OK, so the movie …
OK, so the movie … the movie was as campy as you would expect. If your one who relies on reviews for telling you what to see … well, you should slap yourself silly for doing that. Sometimes the surprise isn’t in NOT knowing what to expect, its when you know what to expect, and get a slightly different spin on it than what you were anticipating. Elvira does not break new ground in this movie. She pays homage to several of the greats of our time: Vincent Price, Roger Corman, Edgar Allan Poe, etc … you get the idea. Put all that in a blender, add a healthy dose of modern comedic stylings, and you get Elvira. She fills a void that is sorely lacking in modern cinema … the TRUE B-Movie! That’s what this is, and to those who get that concept, this is a welcome addition.
With the inclusion of Richard O’Brien, this movie invites a lot of comparisons to Rocky in terms of B-Movie greatness. Its obviously not quite to that caliber, although this movie is BEGGING for an audience participation test run. Whatever has to happen to get this movie in Southpoint, it should be done. Much of the individual actors were either written to be a little too over-the-top or stereotypes to really say whether they were great or not, but the two that stole the show for me:
Mary Jo Smith as “Zou Zou.” Great comedic releif in a movie that really wasn’t in need of it. Yet the character was really done well and performed to perfection. In looking over Mary Jo’s credits, I’m sitting here shaking my head as to why she hasn’t done bigger and better things.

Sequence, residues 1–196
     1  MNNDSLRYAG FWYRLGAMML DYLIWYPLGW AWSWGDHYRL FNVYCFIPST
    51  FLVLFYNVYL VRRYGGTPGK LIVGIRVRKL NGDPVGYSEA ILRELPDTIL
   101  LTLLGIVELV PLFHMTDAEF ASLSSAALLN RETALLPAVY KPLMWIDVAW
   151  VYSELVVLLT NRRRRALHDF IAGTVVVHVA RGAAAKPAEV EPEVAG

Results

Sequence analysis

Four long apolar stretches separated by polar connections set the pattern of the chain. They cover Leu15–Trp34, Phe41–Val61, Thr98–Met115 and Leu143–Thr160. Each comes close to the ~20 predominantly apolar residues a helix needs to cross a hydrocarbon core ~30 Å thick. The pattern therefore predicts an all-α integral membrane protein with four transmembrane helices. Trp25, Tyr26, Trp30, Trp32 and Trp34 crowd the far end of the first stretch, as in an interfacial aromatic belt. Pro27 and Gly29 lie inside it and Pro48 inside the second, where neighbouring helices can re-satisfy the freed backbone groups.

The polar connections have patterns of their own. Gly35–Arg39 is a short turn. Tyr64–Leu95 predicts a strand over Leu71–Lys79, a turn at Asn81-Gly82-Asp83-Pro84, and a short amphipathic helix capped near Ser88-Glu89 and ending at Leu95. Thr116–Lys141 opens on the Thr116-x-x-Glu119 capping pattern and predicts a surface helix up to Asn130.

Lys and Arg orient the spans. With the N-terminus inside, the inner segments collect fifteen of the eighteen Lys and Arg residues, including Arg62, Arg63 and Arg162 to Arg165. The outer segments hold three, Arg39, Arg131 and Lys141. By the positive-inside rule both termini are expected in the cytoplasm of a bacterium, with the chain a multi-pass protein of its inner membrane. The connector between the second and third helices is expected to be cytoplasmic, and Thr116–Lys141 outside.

Heather Hopper as “Roxana Hellsubus.” Yes, an over-the-top role, but this is the kind of role I see too many people doing a horrible job of (Chris Elliot in Scary Movie 2 comes to mind). This was a role I expected little of, but proved worthwhile in the end.
As for Elvira and O’Brien (and to his credit, Scott Atkinson), they all did bang-up jobs as well. Hopefully, this won’t be the last we see of the Elvira genre. Heck, I might reconsider that $50 price if it comes down to a personal appearance by Elvira herself. Given her age, I have my doubts as to how long she can pull off the look, but this movie did a nice job of making the shapely vixen look several years younger. It might even be a little nice to see Peterson graduate her character in age a bit sooner or later. Hell, she’ll still be worth the $7.50 ticket price at 75, so who am I kidding. I can just as easily see her in the same damn outfit then, trying to convince the world that its the same vamp who graced the screen in my teen years.
Guess I oughtta find some rating system to ackowledge the greatness contained in celluloid: Let’s say it was 9 Interviews with a Vampire out of 10. How’s that?